According to Peter Beurton ("A Unified View of the Gene, or How to Overcome Reductionism"), many molecular biologists are now claiming that 'gene' is just a word-that the facts are too complicated and the concept too simplistic for it to pick out any well-defined object in the world. While some scholars suggest ways to redefine the concept of the gene in light of the new findings, others (e.g., Hans-Jörg Rheinberger in his contribution, "Gene Concepts") urge scholars to give up on the definitional project altogether.

Thomas Fogle ("The Dissolution of Protein Coding Genes in Molecular Biology") argues that many scholars do not take seriously enough the conceptual difficulties raised by recent discoveries in genetics. He shows that most proposals for dealing with problematic cases are ad hoc and not generalizable. In opposition to the now rejected 'one gene-one trait' view, Sara Schwartz ("The Differential Concept of the Gene") defends a 'many-many' view that understands genes in terms of the difference a change in a gene makes to a difference in phenotype.

Fred Gifford, in "Gene Concepts and Genetic Concepts," shows that the concept of a genetic trait is as difficult to pin down as the concept of a gene. All phenotypic traits are genetic in the uninteresting sense that genes have something to do with their being what they are. But it is difficult to say what more is required for a trait to count as genetic. Evelyn Fox Keller ("Decoding the Genetic Program") criticizes the common but misleading notion that there is a 'genetic program' for development contained within DNA. DNA, she claims, is more like the data upon which instructions act rather than a set of instructions itself. Michel Morange, in "The Developmental Gene Concept," reviews some of the puzzles raised by developmental genes and James Griesemer ("Reproduction and the Reduction of Genetics") advocates reducing genetics to development, thereby reversing the traditional direction of explanation.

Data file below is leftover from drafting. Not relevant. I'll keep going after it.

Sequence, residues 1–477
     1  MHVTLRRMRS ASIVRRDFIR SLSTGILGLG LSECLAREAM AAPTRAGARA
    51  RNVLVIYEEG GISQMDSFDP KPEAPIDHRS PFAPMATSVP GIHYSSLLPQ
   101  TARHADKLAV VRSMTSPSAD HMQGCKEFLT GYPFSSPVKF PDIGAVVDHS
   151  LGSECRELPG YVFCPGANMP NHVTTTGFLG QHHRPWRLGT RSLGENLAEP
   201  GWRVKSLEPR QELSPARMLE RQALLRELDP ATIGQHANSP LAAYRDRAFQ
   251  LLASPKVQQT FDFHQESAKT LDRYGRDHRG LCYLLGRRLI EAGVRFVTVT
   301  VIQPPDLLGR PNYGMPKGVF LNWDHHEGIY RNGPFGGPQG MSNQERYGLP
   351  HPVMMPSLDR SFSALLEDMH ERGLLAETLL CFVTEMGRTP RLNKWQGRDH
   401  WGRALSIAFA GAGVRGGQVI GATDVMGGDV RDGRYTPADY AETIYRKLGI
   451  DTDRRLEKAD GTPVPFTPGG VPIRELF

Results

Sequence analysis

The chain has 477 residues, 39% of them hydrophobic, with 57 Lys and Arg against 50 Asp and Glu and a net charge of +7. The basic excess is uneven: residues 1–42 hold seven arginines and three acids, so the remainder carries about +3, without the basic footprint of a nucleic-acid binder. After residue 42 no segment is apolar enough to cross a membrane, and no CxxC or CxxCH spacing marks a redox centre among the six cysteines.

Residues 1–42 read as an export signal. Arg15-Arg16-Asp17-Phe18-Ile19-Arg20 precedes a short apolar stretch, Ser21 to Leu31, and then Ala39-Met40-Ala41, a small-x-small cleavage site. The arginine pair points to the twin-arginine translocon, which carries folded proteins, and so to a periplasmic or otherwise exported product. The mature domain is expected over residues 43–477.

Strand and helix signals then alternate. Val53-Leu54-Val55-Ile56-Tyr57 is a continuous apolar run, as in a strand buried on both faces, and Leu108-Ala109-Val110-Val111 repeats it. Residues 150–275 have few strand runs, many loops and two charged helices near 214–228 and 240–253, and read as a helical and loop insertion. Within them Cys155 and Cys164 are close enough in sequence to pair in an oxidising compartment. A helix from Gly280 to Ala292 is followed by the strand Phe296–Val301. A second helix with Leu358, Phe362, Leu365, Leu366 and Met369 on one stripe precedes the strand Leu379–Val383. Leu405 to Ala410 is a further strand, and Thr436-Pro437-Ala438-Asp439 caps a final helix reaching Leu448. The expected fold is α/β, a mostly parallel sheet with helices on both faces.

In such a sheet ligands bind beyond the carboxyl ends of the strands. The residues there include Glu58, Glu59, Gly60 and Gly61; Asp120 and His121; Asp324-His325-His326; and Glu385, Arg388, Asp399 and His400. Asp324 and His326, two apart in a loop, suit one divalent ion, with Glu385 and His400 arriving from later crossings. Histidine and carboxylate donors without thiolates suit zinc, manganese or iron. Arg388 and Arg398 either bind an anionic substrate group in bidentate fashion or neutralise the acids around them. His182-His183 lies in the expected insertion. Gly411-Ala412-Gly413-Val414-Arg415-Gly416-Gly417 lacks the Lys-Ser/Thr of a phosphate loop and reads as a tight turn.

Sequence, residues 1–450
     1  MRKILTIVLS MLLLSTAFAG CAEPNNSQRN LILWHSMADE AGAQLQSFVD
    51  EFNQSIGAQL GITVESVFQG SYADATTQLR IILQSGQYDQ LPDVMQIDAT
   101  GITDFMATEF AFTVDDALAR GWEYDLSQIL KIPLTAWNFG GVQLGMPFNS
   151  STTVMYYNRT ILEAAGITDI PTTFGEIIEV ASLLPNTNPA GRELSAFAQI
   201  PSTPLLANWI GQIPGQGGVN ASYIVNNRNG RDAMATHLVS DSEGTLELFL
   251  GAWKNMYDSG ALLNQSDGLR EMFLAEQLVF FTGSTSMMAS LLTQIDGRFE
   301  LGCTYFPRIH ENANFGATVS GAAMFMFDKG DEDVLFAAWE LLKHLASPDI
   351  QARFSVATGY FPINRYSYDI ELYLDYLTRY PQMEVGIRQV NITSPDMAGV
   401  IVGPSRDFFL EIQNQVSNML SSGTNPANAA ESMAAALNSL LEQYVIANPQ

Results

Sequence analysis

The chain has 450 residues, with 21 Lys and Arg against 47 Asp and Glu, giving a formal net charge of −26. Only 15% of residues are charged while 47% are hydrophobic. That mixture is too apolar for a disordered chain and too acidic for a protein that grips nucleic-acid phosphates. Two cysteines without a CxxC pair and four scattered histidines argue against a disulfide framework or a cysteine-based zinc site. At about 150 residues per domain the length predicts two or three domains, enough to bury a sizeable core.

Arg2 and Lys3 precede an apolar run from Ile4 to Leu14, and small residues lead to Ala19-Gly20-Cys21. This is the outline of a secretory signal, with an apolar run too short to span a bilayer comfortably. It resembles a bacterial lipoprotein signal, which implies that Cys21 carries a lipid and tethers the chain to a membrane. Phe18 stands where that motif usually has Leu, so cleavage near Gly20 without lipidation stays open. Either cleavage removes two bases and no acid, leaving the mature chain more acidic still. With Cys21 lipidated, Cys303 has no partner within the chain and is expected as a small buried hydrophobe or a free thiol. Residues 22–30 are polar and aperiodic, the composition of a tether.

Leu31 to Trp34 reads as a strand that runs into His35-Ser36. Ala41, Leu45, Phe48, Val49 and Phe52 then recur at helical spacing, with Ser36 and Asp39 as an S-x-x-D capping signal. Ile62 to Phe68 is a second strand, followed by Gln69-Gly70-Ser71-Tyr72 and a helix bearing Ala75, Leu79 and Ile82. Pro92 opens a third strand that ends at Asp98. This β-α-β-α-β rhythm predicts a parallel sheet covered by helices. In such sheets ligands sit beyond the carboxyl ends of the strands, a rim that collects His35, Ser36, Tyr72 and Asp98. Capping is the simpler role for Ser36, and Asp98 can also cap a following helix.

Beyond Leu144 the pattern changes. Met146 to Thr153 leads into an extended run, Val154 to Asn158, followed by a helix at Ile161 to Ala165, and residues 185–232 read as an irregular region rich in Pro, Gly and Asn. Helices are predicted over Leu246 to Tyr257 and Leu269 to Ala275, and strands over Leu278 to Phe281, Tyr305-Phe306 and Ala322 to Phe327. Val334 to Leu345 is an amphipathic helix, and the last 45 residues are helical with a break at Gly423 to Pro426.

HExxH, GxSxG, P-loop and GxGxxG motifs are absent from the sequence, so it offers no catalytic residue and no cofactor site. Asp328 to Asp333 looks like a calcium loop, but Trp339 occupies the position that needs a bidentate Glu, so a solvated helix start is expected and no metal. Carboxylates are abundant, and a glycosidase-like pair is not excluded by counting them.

Since a small set of empirical findings forms the backbone of the entire volume and since these facts are tremendously interesting, I will briefly summarize them.

The common view of genes is that they are localized sections of DNA that code for certain phenotypic traits of organisms. The discovery (in the 1960s) of highly repetitive sequences of DNA challenged this view. Although such sequences have well-defined locations, they have no functions. Since they are not transcribed or translated and do not give rise to proteins, they do not fit the classical definition of a gene. However, since mutations in repetitive sequences can affect the expression of other genes, it seems unwarranted to exclude them from the class of genes.